|Benjamin "Ben" Kelsey|
Benjamin Kelsey photographed by Carleton E. Watkins.
|Died||February 19, 1889
Los Angeles, California
|Known for||overland crossing of U.S. with Bartleson-Bidwell party, native American mistreatment and murders|
Benjamin or Ben Kelsey (1813 Kentucky – February 19, 1889 Los Angeles, California) was an early American pioneer of California with his brothers Andy and Sam Kelsey. He was a founder, often with one or more of his brothers, of several settlements in California.
He was born in Kentucky in 1813. He and his wife Nancy Kelsey arrived in Alta California in the Bartleson–Bidwell Party in 1841. In 1844, he brought a party of immigrants including his father David and brother Samuel from Oregon on the Siskiyou Trail to Sutter's Fort.
With his brothers he participated in the Bear Flag Revolt of 1846, which ended Mexican control of California and established the California Republic. He also served with his brothers in the California Battalion under Col. John C. Fremont and were honorably discharged at Los Angeles or San Gabriel in the early part of 1847.
In 1848, during the California Gold Rush Ben took fifty Pomo men from his brother Andrew's rancho near Kelseyville, on Rancho Lupyomi, to the Sierra foothills in a gold mining venture, establishing a mining camp called Kelsey Diggings. Once at the diggings, Ben decided it was more profitable to sell all the company’s supplies to other miners and then ill with malaria, he headed back to his home at Sonoma. The Pomo workers, forced to camp near a hostile group of local Indians and suffering from malaria and starvation, were left on their own. Only one or two are thought to have survived. This mistreatment of the Pomo and that of Andrew and his partner later provoked the Bloody Island Massacre.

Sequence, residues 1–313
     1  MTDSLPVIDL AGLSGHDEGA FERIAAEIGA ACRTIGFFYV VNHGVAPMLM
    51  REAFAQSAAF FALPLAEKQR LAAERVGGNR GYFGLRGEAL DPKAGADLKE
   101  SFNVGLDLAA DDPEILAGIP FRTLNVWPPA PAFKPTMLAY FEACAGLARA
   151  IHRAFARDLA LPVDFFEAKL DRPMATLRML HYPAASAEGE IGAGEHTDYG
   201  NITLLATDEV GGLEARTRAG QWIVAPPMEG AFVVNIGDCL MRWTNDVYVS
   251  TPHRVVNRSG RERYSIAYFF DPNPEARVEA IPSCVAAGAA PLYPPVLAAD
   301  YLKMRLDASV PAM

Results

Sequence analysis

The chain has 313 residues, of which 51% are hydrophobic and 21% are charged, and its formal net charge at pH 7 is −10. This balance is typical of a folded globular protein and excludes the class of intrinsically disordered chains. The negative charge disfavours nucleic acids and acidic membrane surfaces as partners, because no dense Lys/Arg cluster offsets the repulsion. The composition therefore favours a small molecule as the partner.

After recovering from malaria, Ben used his profits to buy sheep which he drove to the mines and used that money to set up a trading post in the Sacramento Valley but lost his investment when he became ill. In September 1850 Ben and his brother Samuel came to Union in Humboldt County. He purchased land there and built a house on it. His brother Samuel purchased property directly south of Ben and also owned a smaller parcel. However both eventually lost their properties, Ben to mortgage foreclosure and Samuel to a default on a note.
Ben returned with his family to Sonoma for a short time, then moved to Oregon. In 1859, he moved his family to Mexico, and then to Texas in 1861. There his wife and children survived an attack by Comanche, one of his daughters survived being scalped but suffered mental illness afterward. In 1865 his family was back in California near Fresno, where his mentally ill daughter died. It was at this time he and his sons were accused of being members of the Mason Henry Gang. Suspicion may have fallen on him because his brother Samuel had been accused of being a leader among the secessionists in San Bernardino at the start of the American Civil War.
In later years, he moved on to Inyo County during the time of the 1872 Lone Pine earthquake, working in the Cerro Gordo Mines, and finally lived in Los Angeles. Ben Kelsey died February 19, 1889, at the age 76, at Los Angeles. He was buried at Rosedale Cemetery, Los Angeles.
- Lyman L. Palmer, History of Napa and Lake Counties, California, San Francisco, Slocum, Bowen & Co., 1881
- William B. Secrest, California Badmen: Mean Men with Guns, Word Dancer Press, Sanger, California, 2007. Identified in the Visalia Delta, April 17, 1865; p. 145
- DEATHS AND BURIALS OF MEN ASSOCIATED WITH THE BEAR FLAG REVOLT IN CALIFORNIA, JUNE 1846, Excerpt from "The Searcher" October 1988, Pages 192-198